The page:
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2017 MGA Legislative Wrap-Up

Marylanders to Prevent Gun Violence entered the 2017 legislative session with new leadership under President Jen Pauliukonis and Executive Director Elizabeth Banach. Under this new leadership, we significantly grew our grassroots participation and changed the landscape and culture of gun related legislation in Annapolis. Gun violence prevention advocates outnumbered the gun extremists on ‘Gun Day” bill hearings.

MPGV made great progress in getting life-saving legislation passed and prevented any bill passage and executive appointments that would weaken our state’s gun laws and standards. We laid important groundwork for future legislation. We also encouraged and identified legislators who are emerging as leaders on the gun violence prevention issue.


Domestic Violence Bill

We worked with a broad-based coalition led by The House of Ruth to pass a bill disqualifying individuals given a probation-before-judgment for domestic abuse (Lee/Dumais). Throughout the year, we participated in a work group with the Governor’s Family Violence Council with representatives from different state agencies, domestic violence advocacy groups, and gun violence prevention advocacy groups to address preventing abusers from possessing firearms. MPGV was honored to fight with them to pass this life-saving piece of legislation.

Executive Nominations

Following last year’s appointment and confirmation of members to the Handgun Permit Review Board, MPGV spent the year monitoring the board hearings. The HPRB rules on appeals if an individual is denied a Wear and Carry Permit from the Maryland State Police.

All five of the members appointed by Governor Hogan are gun rights supporters and more and more denials by MSP are being overturned, weakening our state’s high standards for concealed carry issuance. MPGV prevented any members to the HPRB from being confirmed this session. We worked hard to educate legislators on the issue and applaud the leadership of Senator Bill Ferguson and Senator Rich Madaleno in fighting for more oversight of the Board and their hearings.


There were over 20 gun bills introduced that would have weakened Maryland’s strong laws. MPGV prevented all of them from passing. MPGV focused on fighting laws that would weaken state standards for concealed carry permits. We defeated bills that would have validated concealed carry permits from border states with much weaker laws and standards and weakened our concealed carry permit standards allow self-defense to become a ‘good and substantial reason’ for issuing a permit.

Currently, a person would need to show documentation of a specific threat against him or herself. This expansion of the definition would weaken the high wear and carry permit standards significantly and allow just about anyone to carry a firearm in Maryland.

MPGV also defeated a bill that would have authorized a person to replace a lost or broken assault weapon. It is at best negligent to allow someone irresponsible enough to lose or break their assault weapon to be allowed to replace the item. HB 59 never made it out of the House Judiciary committee.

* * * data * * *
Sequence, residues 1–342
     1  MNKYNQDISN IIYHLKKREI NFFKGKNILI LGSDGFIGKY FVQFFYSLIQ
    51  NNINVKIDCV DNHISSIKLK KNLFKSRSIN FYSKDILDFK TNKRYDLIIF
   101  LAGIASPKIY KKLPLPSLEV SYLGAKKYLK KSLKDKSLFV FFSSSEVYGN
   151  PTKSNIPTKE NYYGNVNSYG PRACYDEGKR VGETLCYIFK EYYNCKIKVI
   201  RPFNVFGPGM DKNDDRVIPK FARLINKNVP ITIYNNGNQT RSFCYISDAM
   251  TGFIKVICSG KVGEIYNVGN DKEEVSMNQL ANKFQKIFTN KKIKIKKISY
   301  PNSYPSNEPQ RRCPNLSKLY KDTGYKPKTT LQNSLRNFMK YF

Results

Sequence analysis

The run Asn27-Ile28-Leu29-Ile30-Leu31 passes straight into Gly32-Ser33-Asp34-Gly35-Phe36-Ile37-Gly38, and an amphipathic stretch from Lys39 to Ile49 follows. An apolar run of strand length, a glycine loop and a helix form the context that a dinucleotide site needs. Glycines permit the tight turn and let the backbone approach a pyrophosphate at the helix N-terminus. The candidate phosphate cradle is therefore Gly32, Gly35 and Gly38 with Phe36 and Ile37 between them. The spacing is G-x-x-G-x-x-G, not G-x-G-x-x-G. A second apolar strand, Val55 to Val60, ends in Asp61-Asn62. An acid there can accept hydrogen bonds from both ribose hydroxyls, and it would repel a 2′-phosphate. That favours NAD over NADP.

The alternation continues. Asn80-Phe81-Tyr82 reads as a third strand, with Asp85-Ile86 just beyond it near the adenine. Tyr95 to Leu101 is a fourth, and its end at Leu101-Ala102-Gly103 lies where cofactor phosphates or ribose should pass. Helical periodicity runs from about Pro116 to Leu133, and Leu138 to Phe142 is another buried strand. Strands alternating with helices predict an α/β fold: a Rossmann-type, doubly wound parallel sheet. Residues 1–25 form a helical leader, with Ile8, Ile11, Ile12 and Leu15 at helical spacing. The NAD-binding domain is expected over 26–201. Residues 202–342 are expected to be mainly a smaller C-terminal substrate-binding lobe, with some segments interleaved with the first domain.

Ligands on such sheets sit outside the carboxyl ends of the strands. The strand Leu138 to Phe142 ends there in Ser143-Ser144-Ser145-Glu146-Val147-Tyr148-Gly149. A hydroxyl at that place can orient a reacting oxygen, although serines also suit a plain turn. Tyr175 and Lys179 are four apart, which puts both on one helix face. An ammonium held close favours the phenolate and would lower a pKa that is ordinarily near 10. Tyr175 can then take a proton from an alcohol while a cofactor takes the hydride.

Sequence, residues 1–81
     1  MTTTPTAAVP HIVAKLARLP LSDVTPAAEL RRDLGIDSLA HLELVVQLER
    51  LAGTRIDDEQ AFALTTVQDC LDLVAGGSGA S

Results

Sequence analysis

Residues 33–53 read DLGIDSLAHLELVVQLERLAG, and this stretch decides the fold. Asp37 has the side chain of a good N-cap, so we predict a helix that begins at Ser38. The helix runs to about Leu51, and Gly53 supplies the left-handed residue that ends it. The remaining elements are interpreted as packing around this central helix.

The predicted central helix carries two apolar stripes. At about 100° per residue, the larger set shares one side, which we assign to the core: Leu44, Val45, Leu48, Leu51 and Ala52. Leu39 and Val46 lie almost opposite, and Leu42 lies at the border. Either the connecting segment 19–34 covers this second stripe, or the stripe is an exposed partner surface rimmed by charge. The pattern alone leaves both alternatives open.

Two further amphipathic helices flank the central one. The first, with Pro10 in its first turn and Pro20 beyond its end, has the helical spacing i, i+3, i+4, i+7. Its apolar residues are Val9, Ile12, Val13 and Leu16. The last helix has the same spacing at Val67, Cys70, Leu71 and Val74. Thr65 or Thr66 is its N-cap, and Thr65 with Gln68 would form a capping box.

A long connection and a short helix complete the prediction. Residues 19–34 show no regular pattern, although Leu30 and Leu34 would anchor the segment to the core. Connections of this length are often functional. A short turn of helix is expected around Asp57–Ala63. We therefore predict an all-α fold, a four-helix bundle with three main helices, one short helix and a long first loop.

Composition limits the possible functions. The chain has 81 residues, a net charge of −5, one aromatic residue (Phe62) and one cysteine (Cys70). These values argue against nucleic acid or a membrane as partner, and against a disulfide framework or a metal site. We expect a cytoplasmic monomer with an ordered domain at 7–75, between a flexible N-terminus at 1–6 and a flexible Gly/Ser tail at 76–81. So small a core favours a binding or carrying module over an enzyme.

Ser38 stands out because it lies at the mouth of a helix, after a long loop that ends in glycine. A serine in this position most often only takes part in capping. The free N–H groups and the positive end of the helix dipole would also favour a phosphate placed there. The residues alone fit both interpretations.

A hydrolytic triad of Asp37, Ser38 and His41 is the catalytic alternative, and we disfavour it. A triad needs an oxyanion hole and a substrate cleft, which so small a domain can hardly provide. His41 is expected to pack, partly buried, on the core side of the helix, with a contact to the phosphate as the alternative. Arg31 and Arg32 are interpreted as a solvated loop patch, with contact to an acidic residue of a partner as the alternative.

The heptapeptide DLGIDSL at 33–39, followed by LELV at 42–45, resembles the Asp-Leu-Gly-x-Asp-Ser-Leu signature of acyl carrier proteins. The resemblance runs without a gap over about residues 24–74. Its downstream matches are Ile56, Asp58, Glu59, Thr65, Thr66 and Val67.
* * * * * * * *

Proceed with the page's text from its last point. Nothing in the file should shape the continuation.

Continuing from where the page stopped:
After a bill to reduce the requirement of 16 hours for a wear and carry class to 6 hours passed out of House Judiciary, MPGV lobbied diligently to get the House to oppose the bill. We prevented the bill from receiving a vote on the floor and it died before the Crossover deadline. Carrying a firearm is an immense responsibility. Maryland’s wear and carry courses teach the permit holder gun safety, increasing competency and efficiency for defensive gun use, marksmanship skills, assessment of risk, reasons why using a firearm should be your last choice, and an overview of Maryland’s gun laws. Six hours is not sufficient time to give each of these important safety issues.

Marylanders to Prevent Gun Violence will continue to fight any ‘bad gun bills’ that threaten the public health and safety of the residents of our state.


Gun violence prevention bills are still seen by too many legislators as controversial and partisan. A culture of fear remains pervasive in Annapolis when dealing with gun violence prevention legislation. We applaud those individuals in Annapolis who have the courage to stand up and demand that we keep our communities, families, schools and workplaces safe. We cannot afford to dismiss the significance of these loses and the complacency of many legislators who deem themselves progressive in the failure of their passage.

Our efforts to keep guns off public college campuses and to create a way for convicted individuals to safely and securely transfer their firearms failed after the State Senate Judicial Proceedings Committee gutted each bill. A last-minute compromise was in a conference committee to restore much of the Weapons-Free Higher Education bill but there was not enough time for a floor vote before the stroke of midnight on Sine Die.

These loses were disappointing but only serve to strengthen our resolve and remind us that Maryland still has work to do.

Thank you for your support,

Liz Banach
Executive Director

P.S. If you are interested in being more active in supporting gun violence prevention legislation, please email me at